Happy New Year! How are those resolutions going? Was that a collective groan we just heard?
Don’t worry, you’re not alone, and there’s no shame in setting a resolution and then kinda-sorta forgetting you were supposed to go running at 6 a.m. every other day. It’s January, for goodness sake — no one wants to get out of bed before noon this month.
Instead of setting yourself up for resolution letdowns, might we suggest another means of finding mental, and possibly even physical, wellness in 2019?
According to England’s National Health Service, research shows there are five bigs steps we can all take to feel more mentally healthy:
- Connecting: spending more time with family, friends and colleagues — and developing stronger relationships with people who make us feel good — benefits our mental well-being.
- Giving: Even small acts of random kindness can help you feel better.
- Being mindful: Focusing on the “now” instead of the past or future, and noticing how you feel in your present surroundings can change your entire outlook on life and make you feel less melancholy or anxious.
- Staying active: Being active doesn’t necessarily have to involve getting up to run every morning. It could be something as simple as taking a dog walk around the neighborhood, going to your favorite yoga class or riding your bike to a friend’s house instead of taking the car.
- Learning a new skill: This is one of the best ways to improve your self-esteem, make new connections and develop a new sense of purpose.
That last step — learning new skills — is maybe the most important. Not only does it come with the potential benefits of meeting new people, gaining a sense of accomplishment and maybe, depending on the skill, improving your physical well-being, but learning new skills is connected to improved memory later in life.
A 2013 study out of the University of Texas at Dallas discovered that adults age 60 to 90 who were assigned to learn a complex new skill, like quilting or digital photography, showed much higher levels of memory improvement over the control group, which did not learn a new skill, and even compared to the group that focused on mental activities like crossword puzzles.
In Camas and Washougal, there are a wealth of classes and options for residents of all ages to learn a new skill and improve their well-being. Following are a few of our suggestions for picking up a new skill and, hopefully, feeling healthier and happier in 2019:
- Get artistic: Interested in being more creative, but don’t want to spend a ton of money on something you don’t quite understand? Why not give needle-felting a try? This art medium requires just a few tools and can be picked up pretty quickly — and the results are lovely. Visual artist LeBrie Rich will teach a free, two-hour class for teens and adults from 1 to 3 p.m., Saturday, Jan. 26, at the Camas Public Library, 625 N.E. Fourth Ave., Camas. Supplies will be provided and participants will create a needle-felted bird.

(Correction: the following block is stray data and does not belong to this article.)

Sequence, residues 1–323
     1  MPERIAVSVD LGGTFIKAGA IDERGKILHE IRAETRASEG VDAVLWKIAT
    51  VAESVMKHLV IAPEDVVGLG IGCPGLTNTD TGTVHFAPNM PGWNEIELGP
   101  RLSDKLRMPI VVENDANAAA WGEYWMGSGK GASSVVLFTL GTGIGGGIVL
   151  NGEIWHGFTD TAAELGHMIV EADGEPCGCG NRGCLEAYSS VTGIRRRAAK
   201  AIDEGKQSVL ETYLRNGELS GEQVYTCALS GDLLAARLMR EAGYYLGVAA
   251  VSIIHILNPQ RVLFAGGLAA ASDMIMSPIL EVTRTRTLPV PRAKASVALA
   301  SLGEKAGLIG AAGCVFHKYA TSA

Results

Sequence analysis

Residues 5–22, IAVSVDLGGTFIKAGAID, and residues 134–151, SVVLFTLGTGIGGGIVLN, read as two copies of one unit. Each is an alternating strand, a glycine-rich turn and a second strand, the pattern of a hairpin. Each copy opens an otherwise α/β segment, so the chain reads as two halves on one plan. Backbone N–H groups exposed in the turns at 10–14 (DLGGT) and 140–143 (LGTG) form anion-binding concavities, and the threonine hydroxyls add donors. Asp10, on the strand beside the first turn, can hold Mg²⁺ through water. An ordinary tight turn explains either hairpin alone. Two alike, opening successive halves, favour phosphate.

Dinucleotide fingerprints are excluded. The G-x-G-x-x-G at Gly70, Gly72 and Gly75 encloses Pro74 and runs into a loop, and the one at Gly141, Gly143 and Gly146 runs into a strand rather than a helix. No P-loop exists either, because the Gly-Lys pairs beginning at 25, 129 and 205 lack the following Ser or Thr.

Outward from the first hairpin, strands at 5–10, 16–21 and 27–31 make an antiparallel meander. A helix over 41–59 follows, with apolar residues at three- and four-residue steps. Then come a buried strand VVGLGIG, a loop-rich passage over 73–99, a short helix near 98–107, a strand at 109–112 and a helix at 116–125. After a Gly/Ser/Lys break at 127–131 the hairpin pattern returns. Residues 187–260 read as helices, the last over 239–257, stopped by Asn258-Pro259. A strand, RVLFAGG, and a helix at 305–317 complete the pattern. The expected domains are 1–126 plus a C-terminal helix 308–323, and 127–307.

- * Go back in time: As cool as it would be to learn how to time-travel, we’re talking about history class with this suggestion. A local, retired history teacher, John Griffin, will present a free series of United States history classes and cover “what every American needs to know” from noon to 1:30 p.m., on most Wednesdays, starting Jan. 16 and running through March 27. All classes will be held at the Camas Public Library, 625 N.E. Fourth Ave. Visit camaslibrary.org for details.
- Catch your breath: If you’ve never tried yoga, now is the time to give it a whirl. Not only does this ancient practice help heal the physical body, it can still the mind and relieve so many of those nagging, everyday worries that consume us. There are quite a few classes in Camas and Washougal, but Body Bliss Yoga Studio, located at 3307 Evergreen Way, in Washougal, has a handy guide to the types of yoga classes that suit individual needs and are good for everyone from the total newbie to the seasoned practitioner. Visit bodyblissyogastudio.com/your-first-class for more information.
- Find your zen: At Camas artist Ted Norris’ new pottery studio, students can learn beginning and intermediate pottery-making skills and, Norris says, maybe even find a little zen. “With everyone’s day-to-day grind, with everything they do and all the stresses, it becomes increasingly important for people to find some avenue in their life for escape. … A place where you can just focus in on something entirely separate from your world. And pottery is that,” Norris told The Post-Record in November. For more information, and to see a schedule of Norris’ pottery classes, visit norrisarts.com/pottery-classes. The Camas studio is located at 1605 N.W. Sixth Ave., Ste. D.